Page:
5 Alarming Statistics that Prove We Need Greater Awareness Around Lung Cancer

May 8-14 marks National Women's Lung Health Week

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In 1987, lung cancer surpassed breast cancer as the leading cancer killer among American women.

That’s why lung cancer survivor Susan Lee has teamed up with The American Lung Association’s Lung Force for National Women’s Lung Health Week to bring awareness to the silent killer disease.

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“I didn’t want anyone to go through what I went through and I want others to know more about it,” said Lee, who was diagnosed with lung cancer at 53.

After experiencing problems with her shoulder, Lee went to the doctor to get some X-rays done. After receiving her MRI results, the wife and mother of three found out she had a solitary pulmonary nodule in her lung that could potentially lead to lung cancer. Growing up in a household with parents who smoked, Lee knew firsthand the severity of the disease after losing her mother to lung cancer in 2009.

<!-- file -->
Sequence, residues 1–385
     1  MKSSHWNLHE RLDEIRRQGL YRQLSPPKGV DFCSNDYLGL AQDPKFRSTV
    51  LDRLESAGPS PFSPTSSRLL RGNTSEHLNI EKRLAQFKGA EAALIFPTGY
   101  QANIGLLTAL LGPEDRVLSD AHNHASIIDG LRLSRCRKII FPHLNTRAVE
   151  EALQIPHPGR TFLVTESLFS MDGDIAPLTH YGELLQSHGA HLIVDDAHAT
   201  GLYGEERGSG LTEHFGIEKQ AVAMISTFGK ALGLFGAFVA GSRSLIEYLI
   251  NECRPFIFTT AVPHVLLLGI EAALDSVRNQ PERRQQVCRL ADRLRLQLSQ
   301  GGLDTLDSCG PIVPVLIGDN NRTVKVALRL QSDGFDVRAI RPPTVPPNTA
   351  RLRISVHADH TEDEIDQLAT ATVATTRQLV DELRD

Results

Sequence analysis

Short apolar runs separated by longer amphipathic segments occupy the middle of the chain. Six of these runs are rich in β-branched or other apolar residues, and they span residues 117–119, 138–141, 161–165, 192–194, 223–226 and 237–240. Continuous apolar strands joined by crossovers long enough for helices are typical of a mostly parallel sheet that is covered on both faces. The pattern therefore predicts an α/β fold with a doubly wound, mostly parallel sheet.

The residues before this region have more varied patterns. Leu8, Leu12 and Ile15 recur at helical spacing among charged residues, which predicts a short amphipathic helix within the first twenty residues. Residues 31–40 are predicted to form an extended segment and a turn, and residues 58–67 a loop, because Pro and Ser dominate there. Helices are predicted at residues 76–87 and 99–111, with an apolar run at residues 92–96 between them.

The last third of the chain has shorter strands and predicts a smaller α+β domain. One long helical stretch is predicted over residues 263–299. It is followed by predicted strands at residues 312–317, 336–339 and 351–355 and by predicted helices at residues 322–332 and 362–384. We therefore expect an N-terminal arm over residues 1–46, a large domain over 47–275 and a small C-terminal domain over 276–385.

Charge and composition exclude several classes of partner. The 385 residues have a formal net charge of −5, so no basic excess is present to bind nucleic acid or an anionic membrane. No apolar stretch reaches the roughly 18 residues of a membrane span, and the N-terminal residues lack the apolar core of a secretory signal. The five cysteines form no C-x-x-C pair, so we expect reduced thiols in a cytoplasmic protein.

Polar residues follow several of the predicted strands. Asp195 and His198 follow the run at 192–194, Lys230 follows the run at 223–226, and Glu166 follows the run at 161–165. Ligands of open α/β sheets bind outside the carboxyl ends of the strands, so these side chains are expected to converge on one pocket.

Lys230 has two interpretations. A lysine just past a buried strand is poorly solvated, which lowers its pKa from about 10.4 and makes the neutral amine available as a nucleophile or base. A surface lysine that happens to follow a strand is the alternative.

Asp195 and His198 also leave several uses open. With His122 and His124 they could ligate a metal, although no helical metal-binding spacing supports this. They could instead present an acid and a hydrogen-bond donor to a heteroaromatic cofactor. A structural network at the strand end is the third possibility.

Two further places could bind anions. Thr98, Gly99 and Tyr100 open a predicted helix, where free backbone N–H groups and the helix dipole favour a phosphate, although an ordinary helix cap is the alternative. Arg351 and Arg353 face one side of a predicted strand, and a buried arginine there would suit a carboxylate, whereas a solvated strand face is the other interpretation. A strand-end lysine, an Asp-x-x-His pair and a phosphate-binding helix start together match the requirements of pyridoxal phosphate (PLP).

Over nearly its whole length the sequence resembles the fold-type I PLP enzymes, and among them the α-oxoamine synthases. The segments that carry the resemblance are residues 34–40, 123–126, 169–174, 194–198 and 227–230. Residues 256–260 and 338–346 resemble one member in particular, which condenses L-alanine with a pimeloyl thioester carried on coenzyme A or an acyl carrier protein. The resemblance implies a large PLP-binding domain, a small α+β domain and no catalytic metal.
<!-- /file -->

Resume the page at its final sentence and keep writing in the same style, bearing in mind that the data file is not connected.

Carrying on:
Luckily for Lee, her visit to the doctor was just in time as they were able to put a halt to her stage 1 cancer.

“You are your best advocate. If something doesn’t seem right or feel right, you have to take the time and go seek medical advice,” she tells BlackEnterprise.com.

Now, having worked with the Lung Force for a year, Lee is using her voice to ensure that the severity of the disease is not swept under the rug.

Below are five statistics provided by the American Lung Association that proves the growing impact lung cancer is having in America.

1. Every 8 minutes a woman in the United States loses her battle with lung cancer.

2. Despite being the top cancer killer for women, only 1% of women cite lung cancer as a cancer that is at the top of their mind.

3. Lung cancer diagnoses have more than doubled among women in the past 35 years, but only 35% of American women are aware of this fact, including just 29% of African American women and 36% Hispanic women.

4. With the proper information about lung cancer, 84% of women are likely to take action to address the disease.

5. Approximately two-thirds of lung cancer diagnoses are in people who have never smoked or used to smoke.

To share your story and learn of ways you can take action for women and lung cancer visit lungforce.org.